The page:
I’m not a film critic. I’ve probably only seen a couple hundred movies in my life, and that’s a whole lot fewer than most, I suspect. So what I have to say about it might be of zero consequence, but I gotta talk about The Color of Money.
An article I read the other day referenced Scorcese’s 1986 film and I thought to myself, “Oh, yeah… The Color of Money. I should watch that.” Today has me feeling really puny, so my evening was me, tea, and a $2.99 YouTube rental of the classic pool shark vs. pool shark tale based on the novel by Walter Tevis. (I could get used to this, too; getting into bed and watching a streaming movie on a laptop balanced on one’s chest is one of the greatest things about being alive in 2016.)
It’s just a damn good movie. I’d pay a lot of money to watch Paul Newman and Tom Cruise just sit in chairs and make facial expressions, but in The Color of Money they do so much more. If you could bottle the swagger between them it would be do more damage than nuclear fission. Newman plays Fast Eddie, a first-rate but aged pool hall hustler. Eddie discovers Vince (Cruise), and takes him under his dark hustler wing. They go play in the fields of billiards and no one in their wake is safe.
Eddie teaches Vince his tricks. But then Vince plays Eddie. But then Eddie plays Vince right back. Turnabout, turnabout again. Newman — who, it cannot be denied, bears an eerie resemblance to my ex-father-in-law it almost ruined it for me — is so manipulative, so “Daddy knows best,” so “Let them hate so long as they fear” about everything you just hate him. But you find yourself desperate for his approval, just like Vince. And Paul Newman is my favorite male movie star of all time. I don’t think you can beat Newman for sex appeal, talent, and charisma. But Tom Cruise… I hardly have words. He was 24 when he made that movie. Twenty-four. He is boyish sex incarnate. He’s pure hormones. Phermones. It’s hot in here, I can’t think straight. Jesus, take the wheel!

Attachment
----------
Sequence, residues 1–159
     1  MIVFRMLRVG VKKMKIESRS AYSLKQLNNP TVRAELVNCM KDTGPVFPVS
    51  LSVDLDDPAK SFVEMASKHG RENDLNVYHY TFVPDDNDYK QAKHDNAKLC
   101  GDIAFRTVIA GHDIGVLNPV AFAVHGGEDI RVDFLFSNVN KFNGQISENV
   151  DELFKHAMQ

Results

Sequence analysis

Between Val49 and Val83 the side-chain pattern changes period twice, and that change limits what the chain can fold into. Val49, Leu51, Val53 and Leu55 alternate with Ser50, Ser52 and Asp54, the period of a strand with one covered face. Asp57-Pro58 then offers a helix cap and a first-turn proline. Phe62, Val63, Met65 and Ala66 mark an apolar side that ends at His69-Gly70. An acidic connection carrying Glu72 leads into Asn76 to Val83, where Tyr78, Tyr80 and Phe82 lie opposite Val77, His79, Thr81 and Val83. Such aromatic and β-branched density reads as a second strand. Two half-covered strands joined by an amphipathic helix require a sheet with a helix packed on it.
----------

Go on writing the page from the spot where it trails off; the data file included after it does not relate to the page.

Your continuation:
But then there’s the girl. Yeah, the girl. An achingly young and pretty — but fierce — Mary Elizabeth Mastrantonio is Vince’s girlfriend and I realized that she is a Disney princess in human form in that movie. Watch it; you’ll see that I am right. Her character is great: layered, conflicted. One wonders if the film had a sequel, we’d learn Carmen was the one playing the boths of ’em.
Perhaps the single most compelling reason to watch this movie asap is this: those boys are actually playing killer pool. Newman and Cruise can play the game for real. I said “Waaaat??” several times over the course of the movie; you can’t believe you’re seeing what you’re seeing. Tom actually sinks an eight-ball while he’s looking in the other direction, being adorable. There are dozens of sequences that are filmed in one take and you see shot after successful shot pulled off by these impossibly beautiful men who are supposed to be acting. Fabulous.
It’s funny and depressing to note that when this movie would play on cable when I was in high school, I distinctly remember thinking, “In no universe will I ever be interested in a movie about pool. Ugh!”
That was a long time ago, Eddie.